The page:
Motion sickness is not a disease but, apart from food poisoning and pregnancy, it is probably the most likely cause of nausea and vomiting experienced by readers of this review. Medications used for travel sickness (e.g., Joy Rides® and Kwells® [formulations of hyoscine hydrobromide]; Stugeron® [cinnarizine]) are rare examples (in the UK) of widely-used anti-emetics available without prescription. Interest in motion sickness continues because of “space motion sickness,” occurring in ~70% of astronauts during the first 3 days in space (Crampton, 1990; Weerts et al., 2015).

Clinical Need for Anti-Emetic Drugs

Vomiting has a diverse range of potential impacts upon the person involved and also potentially on others. The consequences are psychological (e.g., demeaning), physical (e.g., chronic fatigue and fractured ribs), metabolic (e.g., dehydration, anorexia) and when caused by medications, can affect therapeutic outcomes (e.g., if treatments are refused); these are summarized in Figure 4. In circumstances when the vomiting is not induced by food-borne toxins, blockade by an anti-emetic drug is desirable. Notably, although vomiting is unpleasant, patients are frequently more concerned about nausea, because as with chronic pain, it can be unremitting. In contrast, vomiting occurs in episodes, albeit sometimes spread over many days. Further, the adaptive function of nausea (learning to avoid foods that caused its induction on a previous encounter) becomes a liability when it leads to avoidance and refusal of potentially curative therapy in the case of some anti-cancer chemotherapy (Maceira et al., 2012).

FIGURE 4
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Figure 4. A summary of the physical, physiological, and psychological consequences of nausea and vomiting for the person suffering, as well as for any observers including health care professionals. The potential risk of infection from vomiting is also highlighted. Profile of the head from http://getdrawings.com/talking-head-silhouette.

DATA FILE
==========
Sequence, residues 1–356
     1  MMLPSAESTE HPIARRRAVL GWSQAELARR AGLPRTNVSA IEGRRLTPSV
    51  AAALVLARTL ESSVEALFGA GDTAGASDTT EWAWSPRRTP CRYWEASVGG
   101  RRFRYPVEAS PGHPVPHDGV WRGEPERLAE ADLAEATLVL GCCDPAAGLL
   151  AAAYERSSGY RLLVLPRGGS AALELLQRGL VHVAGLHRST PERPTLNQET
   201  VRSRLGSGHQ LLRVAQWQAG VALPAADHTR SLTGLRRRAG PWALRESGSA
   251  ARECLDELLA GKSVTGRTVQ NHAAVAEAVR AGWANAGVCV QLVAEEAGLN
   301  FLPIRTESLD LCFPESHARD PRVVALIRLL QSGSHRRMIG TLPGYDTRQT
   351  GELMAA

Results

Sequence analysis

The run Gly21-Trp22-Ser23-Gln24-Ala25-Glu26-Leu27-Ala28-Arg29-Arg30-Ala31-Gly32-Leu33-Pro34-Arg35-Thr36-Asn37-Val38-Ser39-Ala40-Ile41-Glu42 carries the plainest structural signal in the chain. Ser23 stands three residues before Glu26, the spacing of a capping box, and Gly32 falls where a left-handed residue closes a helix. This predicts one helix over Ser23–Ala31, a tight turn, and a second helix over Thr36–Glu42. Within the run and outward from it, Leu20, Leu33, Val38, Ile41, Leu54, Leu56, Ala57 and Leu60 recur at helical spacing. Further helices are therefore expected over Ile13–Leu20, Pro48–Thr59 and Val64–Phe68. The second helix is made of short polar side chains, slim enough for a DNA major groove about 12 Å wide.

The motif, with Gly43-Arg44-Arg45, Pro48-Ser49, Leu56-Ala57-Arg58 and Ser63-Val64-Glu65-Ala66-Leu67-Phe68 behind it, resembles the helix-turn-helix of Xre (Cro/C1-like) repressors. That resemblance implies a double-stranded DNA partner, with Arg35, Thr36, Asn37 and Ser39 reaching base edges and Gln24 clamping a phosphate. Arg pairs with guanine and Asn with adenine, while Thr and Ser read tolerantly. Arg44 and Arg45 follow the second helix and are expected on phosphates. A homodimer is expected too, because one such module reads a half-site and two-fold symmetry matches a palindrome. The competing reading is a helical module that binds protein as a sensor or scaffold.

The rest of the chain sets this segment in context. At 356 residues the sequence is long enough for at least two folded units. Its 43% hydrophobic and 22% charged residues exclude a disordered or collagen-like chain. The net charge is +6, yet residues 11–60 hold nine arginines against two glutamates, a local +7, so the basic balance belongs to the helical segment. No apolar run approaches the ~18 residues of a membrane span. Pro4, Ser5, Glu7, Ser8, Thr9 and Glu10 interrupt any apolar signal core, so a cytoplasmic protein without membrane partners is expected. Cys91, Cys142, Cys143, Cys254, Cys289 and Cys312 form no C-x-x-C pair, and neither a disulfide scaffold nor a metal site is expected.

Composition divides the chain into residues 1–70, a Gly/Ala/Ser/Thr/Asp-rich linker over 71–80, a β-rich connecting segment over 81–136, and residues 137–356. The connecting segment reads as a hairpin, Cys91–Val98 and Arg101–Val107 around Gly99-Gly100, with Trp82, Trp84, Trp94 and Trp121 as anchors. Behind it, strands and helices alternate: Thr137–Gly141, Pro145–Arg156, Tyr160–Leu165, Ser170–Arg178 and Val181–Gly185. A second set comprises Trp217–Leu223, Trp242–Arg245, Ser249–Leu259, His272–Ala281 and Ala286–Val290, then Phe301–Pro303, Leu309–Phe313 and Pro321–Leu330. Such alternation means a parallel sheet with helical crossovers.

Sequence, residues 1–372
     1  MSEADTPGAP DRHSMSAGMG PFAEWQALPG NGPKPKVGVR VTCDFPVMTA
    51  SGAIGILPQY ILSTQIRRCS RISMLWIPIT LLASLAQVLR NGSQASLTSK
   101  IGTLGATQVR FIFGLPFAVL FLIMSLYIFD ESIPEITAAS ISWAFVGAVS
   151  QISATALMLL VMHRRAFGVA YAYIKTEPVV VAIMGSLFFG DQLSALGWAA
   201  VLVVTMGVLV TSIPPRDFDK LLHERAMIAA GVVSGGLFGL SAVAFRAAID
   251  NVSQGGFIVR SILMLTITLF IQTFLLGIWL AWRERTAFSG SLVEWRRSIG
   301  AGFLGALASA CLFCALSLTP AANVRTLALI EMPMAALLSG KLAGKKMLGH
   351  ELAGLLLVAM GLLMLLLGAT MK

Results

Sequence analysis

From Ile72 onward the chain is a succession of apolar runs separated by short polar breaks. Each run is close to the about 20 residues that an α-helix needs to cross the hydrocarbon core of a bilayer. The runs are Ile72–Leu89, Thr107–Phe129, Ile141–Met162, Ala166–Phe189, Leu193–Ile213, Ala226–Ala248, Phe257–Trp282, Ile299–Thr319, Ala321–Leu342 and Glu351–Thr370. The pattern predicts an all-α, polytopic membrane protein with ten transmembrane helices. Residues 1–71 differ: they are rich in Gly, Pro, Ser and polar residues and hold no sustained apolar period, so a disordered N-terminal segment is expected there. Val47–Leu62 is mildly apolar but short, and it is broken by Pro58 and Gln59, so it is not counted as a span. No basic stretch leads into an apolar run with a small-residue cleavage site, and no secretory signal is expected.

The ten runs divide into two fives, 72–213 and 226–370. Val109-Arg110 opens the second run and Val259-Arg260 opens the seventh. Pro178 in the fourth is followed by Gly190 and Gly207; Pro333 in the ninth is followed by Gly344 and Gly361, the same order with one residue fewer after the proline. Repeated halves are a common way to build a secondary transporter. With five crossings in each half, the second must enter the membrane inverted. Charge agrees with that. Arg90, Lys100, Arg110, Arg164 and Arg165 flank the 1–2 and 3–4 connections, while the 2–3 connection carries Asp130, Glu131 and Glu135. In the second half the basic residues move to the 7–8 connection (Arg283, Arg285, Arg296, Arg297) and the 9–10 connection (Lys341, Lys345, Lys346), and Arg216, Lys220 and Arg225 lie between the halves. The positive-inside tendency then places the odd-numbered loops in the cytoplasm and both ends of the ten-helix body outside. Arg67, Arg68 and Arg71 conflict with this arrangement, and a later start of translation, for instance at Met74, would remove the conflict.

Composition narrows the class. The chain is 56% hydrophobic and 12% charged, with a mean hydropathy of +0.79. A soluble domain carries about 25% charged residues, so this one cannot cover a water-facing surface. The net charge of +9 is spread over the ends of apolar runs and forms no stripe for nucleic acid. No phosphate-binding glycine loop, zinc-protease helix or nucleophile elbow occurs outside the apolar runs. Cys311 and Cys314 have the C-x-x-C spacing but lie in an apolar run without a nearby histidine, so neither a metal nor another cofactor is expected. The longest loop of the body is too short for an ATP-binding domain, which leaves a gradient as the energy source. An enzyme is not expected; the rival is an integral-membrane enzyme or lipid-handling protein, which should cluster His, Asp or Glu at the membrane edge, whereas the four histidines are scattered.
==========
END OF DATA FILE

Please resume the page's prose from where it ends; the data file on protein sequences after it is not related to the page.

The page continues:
This review focuses on the identification of anti-emetic drugs for therapeutic use in humans. Not discussed are important veterinary applications, particularly in oncology (Kenward et al., 2017).

Brief Introduction to Mechanisms

The pathways involved both in the induction and the motor outputs of emesis are briefly described, so the sites of action of anti-emetics (discussed below) can be identified (Figure 5).

FIGURE 5
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Figure 5. Summary of the pathways responsible for the induction of nausea and vomiting (blue arrows), the integrative regions in the brain stem (blue box indicates dorsal brain stem and nucleus tractus solitarius in particular) and the output pathways for nausea (green) and the motor outputs for vomiting (red box indicates the pathways in the ventral brain stem). See text for details of pathways. CB1, cannabinoid1 receptor; D2, dopamine2 receptor; H1, histamine1 receptor; M3/5, muscarinic3/5 acetylcholine receptor; 5-HT3-5-hydroxytryptamine3 receptor; 5-HT4-5-hydroxytryptamine4 receptor; NK1, tachykinin neurokinin1 receptor. Adapted and modified from Stern et al. (2011).

Major Pathways

Vestibular System

Although motion sickness can be induced by the vestibular system alone (Irwin 1881; the first person to use the term “motion sickness”), it more often involves conflicting or discordant signals from the vestibular and visual systems, possibly with involvement of proprioceptive inputs (Money, 1970; Reason, 1978; Oman, 2012; Lackner, 2014; Yates et al., 2014; Golding and Gresty, 2015; Bertolini and Strauman, 2016).